Before I could ask any of the many questions in my mind, we were interrupted by a groan from Galois, as the candle went out. He quickly got up and relit the candle. There was a picture of a woman on his desk that I hadn’t noticed before, and he seemed very upset that in the darkness he had caused the picture to fall on its face. After correcting it almost reverentially, he gathered some sheets together and continued to work. He seemed to grow more restless as time went by, repeatedly glancing at the clock that hung on the wall. It was four in the morning.

“You can go closer, like you did before. He can’t sense your presence, remember?”

I did. There were sheets of paper all over the floor of the room, every piece of paper filled from corner to corner with mathematical symbols only some of which I could vaguely recognise. There was a smaller desk just beside the desk on which Galois continued to work, and on it was something that seemed strangely out of place in what was definitely the abode of a young mathematician – an old fashioned gun, recently oiled and ready for use. It was now that I fully understood what I was about to witness in a few hours and why I had been brought to this particular day in the life of a mathematician I admire so much.

My thoughts were interrupted by the sound of breaking glass. Somehow a bottle of ink had been overturned and was now lying in pieces on the floor, and there was ink all over some of the sheets. Galois looked close to tears but that only stayed for a moment before his steely determination came back. After quickly cleaning the mess and opening a new ink bottle, he started writing again. I could now totally understand his urgency and a feeling of dread was spreading slowly throughout my heart. I wished I had never come here, for it would be difficult to witness what I would surely witness.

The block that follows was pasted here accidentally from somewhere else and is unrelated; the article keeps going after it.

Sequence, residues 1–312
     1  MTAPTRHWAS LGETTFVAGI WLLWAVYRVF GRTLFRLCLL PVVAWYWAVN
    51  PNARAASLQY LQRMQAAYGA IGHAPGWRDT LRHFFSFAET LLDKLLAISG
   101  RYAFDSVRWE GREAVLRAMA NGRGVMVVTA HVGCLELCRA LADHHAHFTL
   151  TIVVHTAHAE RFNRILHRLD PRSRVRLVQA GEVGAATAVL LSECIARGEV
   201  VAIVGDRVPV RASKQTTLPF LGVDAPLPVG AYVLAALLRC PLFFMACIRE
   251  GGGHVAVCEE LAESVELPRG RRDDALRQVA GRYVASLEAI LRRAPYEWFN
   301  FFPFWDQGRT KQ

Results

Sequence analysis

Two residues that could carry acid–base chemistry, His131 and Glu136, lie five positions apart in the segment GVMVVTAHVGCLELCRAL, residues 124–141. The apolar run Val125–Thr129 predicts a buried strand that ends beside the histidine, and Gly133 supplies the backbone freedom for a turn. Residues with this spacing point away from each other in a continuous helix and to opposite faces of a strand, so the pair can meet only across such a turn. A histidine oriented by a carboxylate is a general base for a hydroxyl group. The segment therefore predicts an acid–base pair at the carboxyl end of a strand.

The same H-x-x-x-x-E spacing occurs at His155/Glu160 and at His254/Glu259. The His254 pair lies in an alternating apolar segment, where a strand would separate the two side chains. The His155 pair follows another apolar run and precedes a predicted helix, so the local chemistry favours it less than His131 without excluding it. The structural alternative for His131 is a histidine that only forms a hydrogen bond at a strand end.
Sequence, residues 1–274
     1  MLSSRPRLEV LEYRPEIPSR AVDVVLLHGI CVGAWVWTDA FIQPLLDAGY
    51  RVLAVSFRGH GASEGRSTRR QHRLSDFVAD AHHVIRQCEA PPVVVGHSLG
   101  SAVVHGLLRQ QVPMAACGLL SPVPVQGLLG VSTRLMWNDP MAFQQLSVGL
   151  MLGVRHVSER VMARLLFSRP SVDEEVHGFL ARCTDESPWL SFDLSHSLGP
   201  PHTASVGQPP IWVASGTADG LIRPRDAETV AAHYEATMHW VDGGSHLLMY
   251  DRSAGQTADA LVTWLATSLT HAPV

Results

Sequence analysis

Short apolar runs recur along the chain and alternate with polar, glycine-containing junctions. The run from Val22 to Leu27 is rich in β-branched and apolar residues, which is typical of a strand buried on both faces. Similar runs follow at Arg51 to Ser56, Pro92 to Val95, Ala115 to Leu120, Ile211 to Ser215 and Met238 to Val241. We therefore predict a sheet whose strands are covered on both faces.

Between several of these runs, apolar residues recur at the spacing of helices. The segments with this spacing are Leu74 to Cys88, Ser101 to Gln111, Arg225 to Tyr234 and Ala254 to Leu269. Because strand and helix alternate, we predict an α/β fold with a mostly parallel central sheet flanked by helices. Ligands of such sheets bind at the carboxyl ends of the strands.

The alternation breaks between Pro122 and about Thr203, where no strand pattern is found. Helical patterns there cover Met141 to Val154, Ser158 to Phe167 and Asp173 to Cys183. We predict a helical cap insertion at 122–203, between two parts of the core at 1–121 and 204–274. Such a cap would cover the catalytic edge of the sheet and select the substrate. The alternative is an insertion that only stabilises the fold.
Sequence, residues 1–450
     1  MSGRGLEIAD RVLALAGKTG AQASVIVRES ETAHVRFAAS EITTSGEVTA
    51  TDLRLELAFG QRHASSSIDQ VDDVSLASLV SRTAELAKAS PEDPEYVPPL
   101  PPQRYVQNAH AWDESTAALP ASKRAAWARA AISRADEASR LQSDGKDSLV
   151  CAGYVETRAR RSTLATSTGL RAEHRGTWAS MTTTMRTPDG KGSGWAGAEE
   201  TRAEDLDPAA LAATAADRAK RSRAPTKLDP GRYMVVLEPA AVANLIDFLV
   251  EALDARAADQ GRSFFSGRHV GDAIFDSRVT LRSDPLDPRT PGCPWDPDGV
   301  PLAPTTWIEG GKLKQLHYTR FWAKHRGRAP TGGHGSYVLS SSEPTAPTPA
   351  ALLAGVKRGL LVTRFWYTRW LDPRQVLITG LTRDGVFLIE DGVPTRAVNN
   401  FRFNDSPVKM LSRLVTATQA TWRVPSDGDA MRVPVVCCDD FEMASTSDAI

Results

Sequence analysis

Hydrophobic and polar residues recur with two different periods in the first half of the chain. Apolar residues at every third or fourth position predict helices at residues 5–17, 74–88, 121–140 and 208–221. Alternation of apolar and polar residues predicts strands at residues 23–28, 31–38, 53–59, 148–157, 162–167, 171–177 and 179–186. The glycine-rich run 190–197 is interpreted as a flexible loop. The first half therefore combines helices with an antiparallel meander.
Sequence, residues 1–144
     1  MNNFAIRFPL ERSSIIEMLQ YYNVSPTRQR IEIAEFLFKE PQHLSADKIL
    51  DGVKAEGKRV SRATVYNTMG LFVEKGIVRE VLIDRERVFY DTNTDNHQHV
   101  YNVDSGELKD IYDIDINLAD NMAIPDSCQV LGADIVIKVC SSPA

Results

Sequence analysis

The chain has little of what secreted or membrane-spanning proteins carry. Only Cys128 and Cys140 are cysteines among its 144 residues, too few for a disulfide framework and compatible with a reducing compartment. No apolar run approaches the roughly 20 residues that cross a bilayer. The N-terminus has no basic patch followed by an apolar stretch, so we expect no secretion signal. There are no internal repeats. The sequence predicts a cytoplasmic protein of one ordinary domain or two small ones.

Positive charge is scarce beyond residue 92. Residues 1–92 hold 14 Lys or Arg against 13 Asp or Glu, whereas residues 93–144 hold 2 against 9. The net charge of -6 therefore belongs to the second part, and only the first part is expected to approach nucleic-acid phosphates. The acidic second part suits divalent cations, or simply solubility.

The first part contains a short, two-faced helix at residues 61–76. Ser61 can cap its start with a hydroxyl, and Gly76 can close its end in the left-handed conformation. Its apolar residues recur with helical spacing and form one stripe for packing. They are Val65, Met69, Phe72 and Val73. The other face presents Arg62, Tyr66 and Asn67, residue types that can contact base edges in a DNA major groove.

I decided to explore the room a little bit more. Everything around it had an air of neglect which is difficult to describe. It was as if the room was frequently uninhabited. There was stale food in unlikely places. The books, shelves and papers in the room were all almost uniformly dusty. I couldn’t pick anything up, of course, which was a shame, for there must have been documents there that could’ve given more of an insight into the great mind which I could see at work in front of me.

My guide had been entirely silent for the entire time I was roaming around the room. Now I heard movement from her side. She was looking out of the window and from the amount of light it appeared as though dawn was approaching. For the first time I could see her in some sort of illumination and she looked remarkably human, except that there was no hair on her head and she had larger than usual eyes which she had slowly turned towards me. Not for the first time, I felt like I was being X-rayed.

“You are surprised to see what I look like,” she observed. Correctly, of course.

“Yes. I have read articles on astrobiology that say that the portrayal of extra-terrestrial life forms in films is sort of wrong because it is unlikely that aliens would have human like forms. Yet you look so remarkably human!”

“What you read is true, but we have no fixed form. We can imitate any physical object or life-form. We can’t do it on a fine enough level to imitate hair, though, the result of which is there for you to see.”

Before my already bewildered mind could process this completely, I became aware that the continuous sound of writing that had stayed with us throughout was now gone, and the only noises to be heard were coming from the city outside that was slowly waking up. I looked at the man and he seemed to be looking at the picture on his desk. He had a piece of paper on his desk and he seemed at a loss for words.

Presently I heard another kind of sound entirely. Footsteps.